By Ronnie Ruff
Produced by Arena Stage
The long history of Cabaret makes it extremely difficult to produce something refreshing and new for the seasoned theatre audience here in Washington, DC. I think, even more difficult, is the task of pleasing the critics who all have their favorite production. It was only a week or so ago that at least one major critical voice was calling for more political theatre to be produced in DC. Arena’s Cabaret is overtly political and takes very risky chances with the material. Some of the risks prove to be worth it while some are less successful.
Arena artistic director Molly Smith has mounted her vision of Cabaret with an eye on the current administration. The production draws comparisons between Iraqi War atrocities such as Abu Ghraib and Guantanamo Bay and horrible acts committed throughout the early days of the Nazi’s rise to power in Germany. These comparisons are pretty powerful symbols and reflect a bold view of the battle to preserve personal rights both here and abroad. In an interview with Joel Markowitz for his Theatre Schmooze column (DC Theatre Reviews) a few weeks ago Molly expressed her pointed feelings about the Bush administration and its abuses of personal liberties. In her production of Cabaret we witness Nazi brown shirts terrorize young Clifford Bradshaw and even take time to snap posed photos (reminding us of the horrific abuses of the afore mentioned Abu Ghraib).
There are some wonderful performances in Cabaret although not necessarily the ones you may be expecting. Walter Charles is simply endearing as Herr Shultz, his voice strong and pleasing, he ignores the oncoming menace transfixed only on his love for Fraulein Schneider (Dorothy Stanley). Fred Shiffman is smooth, possibly sinister as Ernst Ludwig and then there is Sherri L Edelen who takes a small role as Fraulein Kost and makes it all hers. What about the stars? Meg Gillentine portrays the iconic Sally Bowles and has a great voice, maybe too fantastic for a role where the character does not have an overabundance of talent or class as the Kit Kat torch singer. Brad Oscar is a different Emcee than you are used to in this role. He is a large man, boisterous and a bit clown like but with a rather scary sneer. Is he right for the part? Like many things in Arena’s Cabaret it is up for discussion but when the talk is over, one is glad to have witnessed his performance. This is not a Cabaret that is like anything you have seen before and that’s exactly what makes it work and sometimes misfire.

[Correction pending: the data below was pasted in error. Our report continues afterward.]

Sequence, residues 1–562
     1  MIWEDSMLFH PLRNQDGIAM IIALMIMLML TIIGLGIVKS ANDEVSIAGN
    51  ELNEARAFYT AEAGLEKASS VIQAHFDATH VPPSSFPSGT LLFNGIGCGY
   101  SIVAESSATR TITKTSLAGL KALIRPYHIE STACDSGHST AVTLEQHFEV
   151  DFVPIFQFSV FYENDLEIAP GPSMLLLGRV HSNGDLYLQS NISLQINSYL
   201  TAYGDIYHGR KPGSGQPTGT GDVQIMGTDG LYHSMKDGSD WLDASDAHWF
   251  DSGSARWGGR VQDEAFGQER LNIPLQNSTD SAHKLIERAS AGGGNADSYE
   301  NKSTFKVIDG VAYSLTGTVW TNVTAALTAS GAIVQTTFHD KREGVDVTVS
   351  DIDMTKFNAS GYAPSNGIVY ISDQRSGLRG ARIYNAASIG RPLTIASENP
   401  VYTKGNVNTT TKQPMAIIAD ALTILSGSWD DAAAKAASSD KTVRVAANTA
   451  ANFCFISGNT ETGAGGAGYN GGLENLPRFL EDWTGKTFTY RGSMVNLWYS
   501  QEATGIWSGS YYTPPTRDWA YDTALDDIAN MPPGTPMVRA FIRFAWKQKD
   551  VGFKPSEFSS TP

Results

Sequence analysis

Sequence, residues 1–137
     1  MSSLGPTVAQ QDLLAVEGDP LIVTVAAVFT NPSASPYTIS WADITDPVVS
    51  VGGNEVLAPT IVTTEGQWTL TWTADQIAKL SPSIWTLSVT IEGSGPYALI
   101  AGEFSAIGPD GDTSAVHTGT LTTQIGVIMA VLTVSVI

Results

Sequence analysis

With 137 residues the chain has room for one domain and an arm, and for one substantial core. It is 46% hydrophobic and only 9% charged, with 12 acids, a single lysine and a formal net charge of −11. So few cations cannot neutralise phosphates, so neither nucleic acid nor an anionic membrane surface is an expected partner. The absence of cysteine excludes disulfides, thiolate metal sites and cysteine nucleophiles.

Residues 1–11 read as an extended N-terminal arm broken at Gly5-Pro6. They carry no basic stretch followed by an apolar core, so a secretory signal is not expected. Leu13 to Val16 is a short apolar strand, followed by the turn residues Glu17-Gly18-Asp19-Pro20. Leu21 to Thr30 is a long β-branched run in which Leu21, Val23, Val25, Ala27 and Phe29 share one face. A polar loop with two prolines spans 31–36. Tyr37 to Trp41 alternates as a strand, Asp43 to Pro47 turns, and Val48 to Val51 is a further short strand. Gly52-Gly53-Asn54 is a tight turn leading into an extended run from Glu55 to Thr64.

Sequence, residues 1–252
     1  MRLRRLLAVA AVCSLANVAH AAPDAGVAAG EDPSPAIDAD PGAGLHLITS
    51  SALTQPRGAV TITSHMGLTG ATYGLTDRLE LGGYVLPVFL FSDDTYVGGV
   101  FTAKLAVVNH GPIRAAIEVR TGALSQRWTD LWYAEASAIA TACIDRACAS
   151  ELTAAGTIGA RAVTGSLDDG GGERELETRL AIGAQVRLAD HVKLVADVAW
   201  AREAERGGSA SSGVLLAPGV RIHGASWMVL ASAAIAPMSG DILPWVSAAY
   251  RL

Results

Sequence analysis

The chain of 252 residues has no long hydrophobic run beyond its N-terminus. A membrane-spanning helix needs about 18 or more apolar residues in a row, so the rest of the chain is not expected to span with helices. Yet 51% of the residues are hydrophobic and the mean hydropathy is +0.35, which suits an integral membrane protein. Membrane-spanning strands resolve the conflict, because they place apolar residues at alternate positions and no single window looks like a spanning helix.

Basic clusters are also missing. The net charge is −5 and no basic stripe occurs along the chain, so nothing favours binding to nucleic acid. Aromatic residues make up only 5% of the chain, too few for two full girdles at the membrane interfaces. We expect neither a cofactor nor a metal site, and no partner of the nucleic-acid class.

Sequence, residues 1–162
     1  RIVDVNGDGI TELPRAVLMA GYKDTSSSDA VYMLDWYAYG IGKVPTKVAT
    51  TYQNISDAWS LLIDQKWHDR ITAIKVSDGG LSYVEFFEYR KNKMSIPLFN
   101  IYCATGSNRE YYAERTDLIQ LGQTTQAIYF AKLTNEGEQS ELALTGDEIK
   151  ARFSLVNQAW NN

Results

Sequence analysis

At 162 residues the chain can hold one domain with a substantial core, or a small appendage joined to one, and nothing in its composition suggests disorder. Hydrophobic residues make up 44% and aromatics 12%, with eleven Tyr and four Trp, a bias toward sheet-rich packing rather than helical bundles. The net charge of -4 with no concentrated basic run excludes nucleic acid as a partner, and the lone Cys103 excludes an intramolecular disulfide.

One of the best things about Arena’s Cabaret is Austin Sanderson’s wonderful costume design that brings a touch of whimsy to the show. Anne Patterson creates a lovely set that emphasizes functionality and a sense of style. The scene transitions seem effortless and snappy, a tribute to the design and direction.
George Fulginiti-Shakar is the music director and conductor for Cabaret and the music in this show is top notch. Like one has come to expect with Arena, the nine piece orchestra never overcooks and we are treated to a wonderful collection of Kander and Ebb material that doesn’t feel forced or strained. The second-act reprise of “Tomorrow Belongs to Me” is possibly the show’s strongest musical performance while Meg Gillentine’s rendition of “Cabaret”, performed curled in a fetal position on the piano is perhaps the show’s most emotional number.
You might ask “Why should I see this show?” This reviewer’s answer is Molly Smith’s brave direction – she gives us a show that is not afraid to point to today’s headlines and say “never forget.” As the miniature train chugs across the stage and the sounds of genocide pound all around you – the black swastikas on blood red backgrounds remind us that we were fooled once before.
“Cabaret,” book by Joe Masteroff, music by John Kander, lyrics by Fred Ebb Arena Stage, 1101 Sixth St. SW 7:30 p.m. Tuesdays and Wednesdays; 8 p.m. Thursdays through Saturdays; 2 p.m. Saturdays and Sundays; and 7:30 p.m. Sundays. Selected noon matinees in October. Through Oct. 29.
TICKETS: $55 to $74 PHONE: 202/488-3300 Website